Buying a home? 5 things you need to know about Australia’s new credit reporting laws before you apply for finance.
Some major changes have occurred to Australia’s Privacy Laws, and home buyers need to know about them before they apply for finance. A consumer advocate for accurate credit reporting warns potential home buyers they need to get up to speed with some of the main changes to credit reporting which could see more people refused a home loan in the coming months and years ahead.
CEO of MyCRA Credit Rating Repair, Graham Doessel says some simple mistakes made with repayments now, could see people blacklisted from credit even before the Privacy Amendments (Enhancing Privacy Protection) Bill 2012’s March 2014 deadline for implementation.
“Potential home buyers need to know that from this point on, they need to make every credit repayment on time to avoid having late payment information show up on their credit history and potentially ruin their chances of getting the home they want,” Mr Doessel says.
Mr Doessel explains more about this change, and other factors in Australian credit reporting which impact your credit rating:
1. Repayment History Information
From December 2012, whether or not a credit account was paid on time will be part of your credit history and will be used when a lender is assessing your suitability for a home loan.
The notation will remain as part of your credit history for 2 years.
The Government intends for these reforms to decrease levels of over-indebtedness in the market.[i]
But Mr Doessel is worried it could push more borrowers into higher interest rate loans due to being refused credit with mainstream lenders.
“Many people pay bills late, for a variety of reasons – this doesn’t necessarily mean they intend for the account to go into default. But these late payers could find they end up refused credit, or charged thousands more in interest due to these notations,” he explains.
2. Types of credit
The new laws will now allow information on the type of credit accounts you have, and when they were opened and closed to be shown on your credit history. This will give lenders more ability to determine the relevance of each listed credit account for your specific situation.
3. Credit limit of each account.
The credit limit on each credit account will be used to assess the potential volume of credit the potential borrower could have access to.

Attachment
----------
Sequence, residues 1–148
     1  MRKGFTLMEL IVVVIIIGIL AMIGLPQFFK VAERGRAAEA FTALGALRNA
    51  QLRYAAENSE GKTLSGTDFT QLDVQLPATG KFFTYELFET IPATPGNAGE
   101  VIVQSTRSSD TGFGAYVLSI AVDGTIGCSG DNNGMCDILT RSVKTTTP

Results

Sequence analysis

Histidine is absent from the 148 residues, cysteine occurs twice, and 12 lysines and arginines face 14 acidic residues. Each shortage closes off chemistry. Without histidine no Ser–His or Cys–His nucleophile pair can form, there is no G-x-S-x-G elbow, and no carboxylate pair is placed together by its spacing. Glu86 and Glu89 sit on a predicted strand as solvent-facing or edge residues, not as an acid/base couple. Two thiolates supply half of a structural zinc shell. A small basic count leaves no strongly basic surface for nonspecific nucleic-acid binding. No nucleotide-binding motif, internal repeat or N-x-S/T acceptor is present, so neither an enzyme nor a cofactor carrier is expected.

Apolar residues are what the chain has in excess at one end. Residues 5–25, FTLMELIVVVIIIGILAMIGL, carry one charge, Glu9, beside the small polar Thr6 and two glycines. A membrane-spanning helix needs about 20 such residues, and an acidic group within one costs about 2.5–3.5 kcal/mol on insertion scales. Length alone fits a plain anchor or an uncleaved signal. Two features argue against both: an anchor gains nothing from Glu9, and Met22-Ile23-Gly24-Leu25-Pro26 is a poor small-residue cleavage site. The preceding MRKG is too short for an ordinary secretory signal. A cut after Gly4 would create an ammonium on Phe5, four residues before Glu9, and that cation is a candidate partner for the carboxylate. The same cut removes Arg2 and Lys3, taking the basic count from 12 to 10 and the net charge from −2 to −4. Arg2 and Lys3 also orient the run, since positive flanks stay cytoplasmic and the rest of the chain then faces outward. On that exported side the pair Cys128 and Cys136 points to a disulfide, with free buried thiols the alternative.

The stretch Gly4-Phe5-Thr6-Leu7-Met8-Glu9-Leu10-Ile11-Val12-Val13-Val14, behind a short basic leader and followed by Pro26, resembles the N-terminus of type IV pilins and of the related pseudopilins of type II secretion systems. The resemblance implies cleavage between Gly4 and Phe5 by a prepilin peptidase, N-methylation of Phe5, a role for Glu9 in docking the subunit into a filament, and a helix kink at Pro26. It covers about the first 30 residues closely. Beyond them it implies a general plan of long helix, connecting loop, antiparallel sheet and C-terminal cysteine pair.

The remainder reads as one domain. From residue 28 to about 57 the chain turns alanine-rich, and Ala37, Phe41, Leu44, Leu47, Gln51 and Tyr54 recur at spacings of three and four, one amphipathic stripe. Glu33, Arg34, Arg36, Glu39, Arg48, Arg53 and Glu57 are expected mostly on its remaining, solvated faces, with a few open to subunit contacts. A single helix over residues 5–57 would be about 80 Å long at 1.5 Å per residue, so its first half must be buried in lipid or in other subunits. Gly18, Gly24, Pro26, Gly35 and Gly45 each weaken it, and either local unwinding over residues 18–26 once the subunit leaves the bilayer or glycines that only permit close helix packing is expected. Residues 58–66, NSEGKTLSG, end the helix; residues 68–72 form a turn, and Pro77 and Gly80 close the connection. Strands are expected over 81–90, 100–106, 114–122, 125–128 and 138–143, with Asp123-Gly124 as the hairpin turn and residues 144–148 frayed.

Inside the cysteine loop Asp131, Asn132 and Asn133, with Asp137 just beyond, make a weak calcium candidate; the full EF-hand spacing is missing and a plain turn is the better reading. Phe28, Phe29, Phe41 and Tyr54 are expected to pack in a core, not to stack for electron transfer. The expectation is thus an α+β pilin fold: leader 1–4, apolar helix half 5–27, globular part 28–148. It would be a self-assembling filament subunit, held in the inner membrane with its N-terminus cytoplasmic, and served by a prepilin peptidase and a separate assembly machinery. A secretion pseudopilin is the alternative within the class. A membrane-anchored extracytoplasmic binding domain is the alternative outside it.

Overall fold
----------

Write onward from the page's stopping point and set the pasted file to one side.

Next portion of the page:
But there will be no way of telling what level of debt you actually have only what you could potentially redraw to.
“It may be worth reducing unnecessary credit limits on your accounts before you make your application,” Mr Doessel says.
4. Beware excess credit enquiries.
Whenever a person other than you makes an enquiry on your credit history – that enquiry is recorded on your credit file.
Mr Doessel says some lenders will decline a finance application due to too many credit enquiries, such as two enquiries within thirty days or six within the year.
“By all means ask questions, and do your research on the best home loan for you, but when it comes to giving over your details, and making applications, leave that until you have decided which lender suits you best, to avoid being disadvantaged,” he says.
5. It will still be up to you to ensure your credit file is accurate.
With all of the new information available to lenders about your credit history, it is more important than ever for that information to be accurate.
You can apply for your credit report for free every year by making a request to Australia’s credit reporting agencies – Veda Advantage, Dun & Bradstreet and Tasmanian Collection Services (if in Tasmania).
“It is up to you to ensure your credit file reads accurately,” Mr Doessel says, “and the saving grace for this legislation is the improvements set to be implemented in 2014 around access and correction of your credit file.”
From March 2014, Creditors will be forced to justify disputed credit listings. Notably, your Creditor will have to substantiate the information they report on your credit file if you dispute it.
“This change is crucial, considering the power the Creditor has to impact your ability to obtain credit for years to come. Up till now, there has been little obligation within the legislation for the Creditor to justify credit listings, nor remove incorrect data,” Mr Doessel says.
If the dispute escalates, you can complain directly to the Creditor’s Ombudsman, and in some instances may have a right to remedy under the direction of the Privacy Commissioner.
“Finally there is some real incentive for Creditors to take due care with adding listings to credit files and we as credit repairers ultimately have a better avenue to help our clients remedy their credit rating errors,” Mr Doessel says.
Graham Doessel – PH 3124 7133
Lisa Brewster – Media Relations email@example.com
246 Stafford Rd, STAFFORD Qld. 4053
MyCRA Credit Rating Repair is Australia’s leader in credit rating repairs. We permanently remove defaults from credit files.
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